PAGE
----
• Next came the real estate bubble and condo-flipping. Money was easy and cheap (because the Fed was trying to engineer its way out of the bursting of the previous bubble). Banks became complacent and lent people money that they couldn’t pay back on houses that weren’t worth as much as they thought and then leveraged the investments to insane levels. Guess what? That bubble burst too. We saw the largest real estate decline in recent history. After that, money poured into commodities looking for a home. Oil rose from $30/barrel to $140/barrel in a few short years. All commodities were rising: silver, platinum, gold, corn – there were even rice shortages and rationings for a short time. Not much later, oil was back in the $40/barrel range, and many commodities prices had returned to a normal level. During that same time, the global economy slowed and we entered a world-wide recession. Even diversification didn’t work for a relatively short period (a long period from the perspective of those watching their assets melt away). Stocks, bonds, real estate, commodities, emerging markets all went down big and in unison. The only safe haven was cash and some short-term government bonds (even derivations of those were threatened in the forms of money markets and bankruptcies). So what is likely to be the next wave to threaten your livelihood? The declining global stock market? How about a sudden collapse in real estate prices? Those trains just passed. Commercial properties? Maybe, but we can all see that coming, so I don’t think we will get killed by that train. The next significant threat will likely stem from current economic policy that is attempting to engineer and control a “free market.” The force to correct the current problem could easily create an even larger imbalance later. Moreover, it is likely to affect something that everyone is currently holding, but thinks is safe. Cash and Government Bonds. Inflation causes those over-supplied, over-horded asset to be equalized back to normal levels with the rest of the investible universe. As a result, there will be other such casualties such as mid- and long-term bonds, preferred stock and annuities (which tie you down to a fixed payment for life and will be worth less and less with each payment). The forces of the markets generally do not reward the excessive collection of one asset class. We saw this with technology, real estate, commodities and debt. Right now, there is more cash “on the sidelines” than ever before, and it is improbable that the current holders of that cash will be blessed with deflation. The opposite is more likely true. So what should you do? 1. Diversify: diversify your assets. Diversification has not worked for only a few short periods in history and we just went through one of them, so that is a good start.
    • 2. Hard Assets: invest in commodities, real estate, and currencies. If you wish to protect yourself from inflation, then you need to own assets that will “inflate” along with the rising tide. In general, you need to own “hard assets” such as: a. Commodities: commodities go up directly with inflating prices. Make sure, however, that you own a basket of commodities. Don’t just buy gold and/or oil (or even a commodity index, which is often 70%+ oil-related). You can buy a variety of ETFs (Exchange Traded Funds) that move with a variety of commodities in different sectors: industrial and precious metals, agriculture, livestock, etc. If you don’t know about ETFs, ask your financial professional. b. Real Estate: land will appreciate with inflation and your purchasing power will be protected. This can be done via ETFs or REITs (Real Estate Investment Trusts). c. Currencies: if the U.S. dollar is inflating, then perhaps you should own other forms of currency (from countries that are not devaluing their currency by pumping cash into their economies). The Euro and the Swiss Franc are potential candidates. Buying different currencies will hedge the effect of US inflation and loss of purchasing power. This can also be done via ETFs or by literally exchanging US dollars for those other currencies. 3. Global Equities: yes, the U.S. is a still a good place to invest, but just because you are more familiar with the U.S. doesn’t mean that you should limit yourself to investing only in companies that you know locally. There are other countries that are not pumping their economy full of debt, so spread your investments around. The U.S. stock market represents approximately 60% of the global investible opportunities. There is a strong argument that, at equilibrium, only 60% of your equities should be invested in the U.S. If you want to protect yourself from issues domestically, however, you should consider over-weighting internationally. Adjust your investment strategy accordingly. 4. Market Neutral Strategies: don’t know which way the market is moving? Don’t care. Market neutral strategies are designed to hedge your portfolio in any environment. This can be done by purchasing one stock and shortingi a related stock in the same sector. It is the relative difference between the two stocks’ prices that is important, not the general direction of movement. This strategy’s performance is independent of the market’s direction. 5. Principle Protection: if some of these above strategies seem a little too risky for you, then you can buy a “structured product” that links a CD to an index and has a feature of principle protection (you will be taking on the credit risk of the issuing bank). If that index (say commodities) goes up, you win and participate 100% or more in that victory. If, on the other hand, if the index falls, you get your money back at the maturity of the note. You don’t win or lose, but live to fight another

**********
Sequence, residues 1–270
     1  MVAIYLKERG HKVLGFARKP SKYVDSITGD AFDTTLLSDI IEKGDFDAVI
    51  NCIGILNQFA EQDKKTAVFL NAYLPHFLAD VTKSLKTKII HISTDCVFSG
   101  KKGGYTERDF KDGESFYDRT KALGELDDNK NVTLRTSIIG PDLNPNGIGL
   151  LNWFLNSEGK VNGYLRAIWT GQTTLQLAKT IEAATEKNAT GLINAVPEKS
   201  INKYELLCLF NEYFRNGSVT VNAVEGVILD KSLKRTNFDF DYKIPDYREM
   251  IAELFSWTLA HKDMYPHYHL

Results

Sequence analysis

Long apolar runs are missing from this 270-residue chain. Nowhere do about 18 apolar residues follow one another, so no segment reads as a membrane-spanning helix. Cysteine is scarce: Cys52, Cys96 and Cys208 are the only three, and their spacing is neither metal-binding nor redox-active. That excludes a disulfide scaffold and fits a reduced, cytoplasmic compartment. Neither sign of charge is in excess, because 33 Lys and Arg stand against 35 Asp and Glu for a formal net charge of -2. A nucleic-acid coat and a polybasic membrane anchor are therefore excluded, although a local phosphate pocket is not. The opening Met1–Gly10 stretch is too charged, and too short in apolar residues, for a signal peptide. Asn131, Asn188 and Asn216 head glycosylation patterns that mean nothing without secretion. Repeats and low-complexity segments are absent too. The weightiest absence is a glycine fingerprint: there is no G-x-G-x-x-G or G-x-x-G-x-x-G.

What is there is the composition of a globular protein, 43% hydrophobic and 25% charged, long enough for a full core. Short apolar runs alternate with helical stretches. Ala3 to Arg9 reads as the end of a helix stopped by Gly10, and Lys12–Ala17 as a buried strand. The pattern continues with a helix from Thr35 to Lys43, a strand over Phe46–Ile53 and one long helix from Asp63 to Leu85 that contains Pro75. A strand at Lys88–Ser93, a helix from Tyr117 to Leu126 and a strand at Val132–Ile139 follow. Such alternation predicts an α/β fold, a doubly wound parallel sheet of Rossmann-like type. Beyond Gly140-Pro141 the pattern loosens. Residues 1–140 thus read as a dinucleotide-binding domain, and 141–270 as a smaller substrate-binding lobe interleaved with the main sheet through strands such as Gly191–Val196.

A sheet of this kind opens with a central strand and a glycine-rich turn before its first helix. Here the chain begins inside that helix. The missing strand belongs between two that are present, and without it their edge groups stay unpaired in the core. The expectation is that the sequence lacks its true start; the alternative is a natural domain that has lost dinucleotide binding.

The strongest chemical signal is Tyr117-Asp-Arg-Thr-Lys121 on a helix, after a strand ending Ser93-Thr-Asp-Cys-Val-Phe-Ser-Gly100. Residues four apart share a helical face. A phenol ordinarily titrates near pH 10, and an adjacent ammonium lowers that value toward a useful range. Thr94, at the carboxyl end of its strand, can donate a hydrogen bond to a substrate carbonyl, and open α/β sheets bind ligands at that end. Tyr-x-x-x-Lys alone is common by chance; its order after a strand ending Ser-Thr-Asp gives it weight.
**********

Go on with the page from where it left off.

• day and by that time the landscape is sure to have changed, and you can redeploy that money accordingly. Furthermore, CDs are currently protected by FDIC insurance up to $250,000 per account. The down side is that CD returns are taxable at the ordinary income rate, so think about using them in retirement accounts. 6. Short-term Bonds: If you are going to buy bonds (and you probably should), focus on “ladder” short-term maturities. Do not “chase yield” locking yourself into a long-term commitment just because those bonds pay more. While bonds will pay a periodic interest payment provided the issuing company is still viable, that fixed income is devalued in a rising interest rate environment. For example, if inflation hits 8% (extreme for today, but not in comparison to our history), in only five years from now those payment will be devalued by almost 25% and in 10 years they are more than cut in half. Just think what happens if you lock in a 30-year bond or buy a lifetime annuity. That income stream that you depended on today may seem like nothing in the future. Be a student of history, with an eye to the future by watching that tug of rope carefully. Don’t trap yourself in long-term or illiquid investments that protect you from recent past catastrophes. Do keep a disciplined diversification plan that is inclusive of asset classes that can protect you from future problems. There are many trains out there, so instead of getting hit by one, let’s get on it and let it take us to where we want to go.
    • i “Shorting” is selling a stock that you currently don’t own at what you hope is a higher price so that you can buy it back later at a lower price. Opposite of being “Long” or owning the stock first, if the stock price declines, you make a profit.